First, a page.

Byron and Keats were contemporary Romantic poets, and were great rivals during their lifetime. While Byron was a flamboyant, handsome and rather wild nobleman, who was lauded and celebrated by England’s social elite, John Keats was a poor and struggling middle-class poet. Byron seemed hardly to put a foot wrong, whereas Keats’ work was often savaged by the critics. He was advised that poetry was the provenance of noblemen, was dismissed as a 'Cockney' poet, and only attained any real measure of fame after his death.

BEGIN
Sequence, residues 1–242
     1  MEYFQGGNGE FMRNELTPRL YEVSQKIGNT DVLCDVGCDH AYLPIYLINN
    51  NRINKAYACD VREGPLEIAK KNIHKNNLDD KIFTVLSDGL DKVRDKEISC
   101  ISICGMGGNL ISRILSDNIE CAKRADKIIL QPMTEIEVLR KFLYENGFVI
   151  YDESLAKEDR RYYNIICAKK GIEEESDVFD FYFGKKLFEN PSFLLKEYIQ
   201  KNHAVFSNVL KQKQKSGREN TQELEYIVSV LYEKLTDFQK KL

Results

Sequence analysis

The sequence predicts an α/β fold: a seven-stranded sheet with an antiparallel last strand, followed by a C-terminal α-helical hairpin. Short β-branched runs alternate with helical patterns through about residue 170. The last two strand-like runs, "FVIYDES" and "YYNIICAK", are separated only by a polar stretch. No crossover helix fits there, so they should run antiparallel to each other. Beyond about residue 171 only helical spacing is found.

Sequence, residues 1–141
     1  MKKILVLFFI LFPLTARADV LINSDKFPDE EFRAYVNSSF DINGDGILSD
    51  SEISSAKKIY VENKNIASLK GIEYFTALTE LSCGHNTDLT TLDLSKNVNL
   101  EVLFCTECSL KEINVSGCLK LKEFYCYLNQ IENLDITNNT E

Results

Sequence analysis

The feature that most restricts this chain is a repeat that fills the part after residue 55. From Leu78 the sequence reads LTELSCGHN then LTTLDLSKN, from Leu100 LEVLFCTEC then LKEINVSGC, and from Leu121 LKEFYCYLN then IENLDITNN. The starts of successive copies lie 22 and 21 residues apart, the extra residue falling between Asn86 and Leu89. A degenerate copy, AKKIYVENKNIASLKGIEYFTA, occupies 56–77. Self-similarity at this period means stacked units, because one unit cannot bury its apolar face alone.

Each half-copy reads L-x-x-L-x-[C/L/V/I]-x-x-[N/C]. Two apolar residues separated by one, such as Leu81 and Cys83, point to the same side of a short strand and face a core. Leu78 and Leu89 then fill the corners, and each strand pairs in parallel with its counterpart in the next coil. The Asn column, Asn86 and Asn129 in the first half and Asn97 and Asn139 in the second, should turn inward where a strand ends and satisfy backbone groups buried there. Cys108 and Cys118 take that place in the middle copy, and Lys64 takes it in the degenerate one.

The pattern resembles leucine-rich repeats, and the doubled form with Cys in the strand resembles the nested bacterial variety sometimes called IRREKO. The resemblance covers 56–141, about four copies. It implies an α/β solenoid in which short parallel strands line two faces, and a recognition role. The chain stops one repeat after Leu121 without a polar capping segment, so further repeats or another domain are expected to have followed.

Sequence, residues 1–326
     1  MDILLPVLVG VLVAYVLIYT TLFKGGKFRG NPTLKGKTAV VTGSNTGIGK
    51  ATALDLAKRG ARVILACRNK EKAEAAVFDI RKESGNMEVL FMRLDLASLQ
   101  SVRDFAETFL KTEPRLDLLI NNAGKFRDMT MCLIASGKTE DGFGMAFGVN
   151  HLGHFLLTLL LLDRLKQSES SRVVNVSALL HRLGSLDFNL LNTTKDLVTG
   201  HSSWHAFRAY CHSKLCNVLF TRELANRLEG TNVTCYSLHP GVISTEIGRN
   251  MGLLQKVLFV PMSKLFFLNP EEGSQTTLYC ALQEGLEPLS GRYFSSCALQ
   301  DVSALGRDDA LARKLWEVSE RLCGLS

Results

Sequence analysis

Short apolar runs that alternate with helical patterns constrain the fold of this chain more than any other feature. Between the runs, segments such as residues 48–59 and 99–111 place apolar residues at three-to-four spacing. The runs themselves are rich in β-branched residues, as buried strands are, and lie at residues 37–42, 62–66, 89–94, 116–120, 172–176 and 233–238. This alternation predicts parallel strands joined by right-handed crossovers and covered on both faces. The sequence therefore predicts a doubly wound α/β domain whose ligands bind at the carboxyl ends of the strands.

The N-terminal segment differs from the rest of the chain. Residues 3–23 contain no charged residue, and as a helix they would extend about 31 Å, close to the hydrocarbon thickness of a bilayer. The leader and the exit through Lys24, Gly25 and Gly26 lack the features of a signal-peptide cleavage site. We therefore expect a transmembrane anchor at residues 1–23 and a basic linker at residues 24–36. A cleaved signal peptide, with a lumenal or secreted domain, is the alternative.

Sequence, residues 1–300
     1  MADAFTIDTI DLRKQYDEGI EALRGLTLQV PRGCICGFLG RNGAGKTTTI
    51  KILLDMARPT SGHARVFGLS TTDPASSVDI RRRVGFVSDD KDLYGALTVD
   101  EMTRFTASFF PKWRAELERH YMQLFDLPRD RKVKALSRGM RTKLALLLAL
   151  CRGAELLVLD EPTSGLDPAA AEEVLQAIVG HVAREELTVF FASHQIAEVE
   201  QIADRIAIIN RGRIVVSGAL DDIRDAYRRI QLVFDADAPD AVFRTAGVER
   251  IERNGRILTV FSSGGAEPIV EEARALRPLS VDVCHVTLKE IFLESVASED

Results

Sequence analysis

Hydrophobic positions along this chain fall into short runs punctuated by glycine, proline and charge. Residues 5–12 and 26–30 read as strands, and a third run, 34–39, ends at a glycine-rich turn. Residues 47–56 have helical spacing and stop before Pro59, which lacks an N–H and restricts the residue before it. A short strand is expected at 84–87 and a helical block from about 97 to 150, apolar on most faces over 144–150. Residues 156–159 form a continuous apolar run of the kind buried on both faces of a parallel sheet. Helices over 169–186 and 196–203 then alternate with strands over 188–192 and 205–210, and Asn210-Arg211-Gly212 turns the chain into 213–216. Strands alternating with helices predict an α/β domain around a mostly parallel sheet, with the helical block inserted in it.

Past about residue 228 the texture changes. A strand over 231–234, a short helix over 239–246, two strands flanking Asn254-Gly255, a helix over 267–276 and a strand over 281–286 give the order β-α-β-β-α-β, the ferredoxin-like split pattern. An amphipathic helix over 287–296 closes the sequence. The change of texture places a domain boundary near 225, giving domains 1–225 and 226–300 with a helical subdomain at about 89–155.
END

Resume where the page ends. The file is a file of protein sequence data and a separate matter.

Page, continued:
Keats for his part had written to his brother George, in 1819, “You speak of Lord Byron and me - There is this great difference between us. He describes what he sees - I describe what I imagine - Mine is the hardest task.”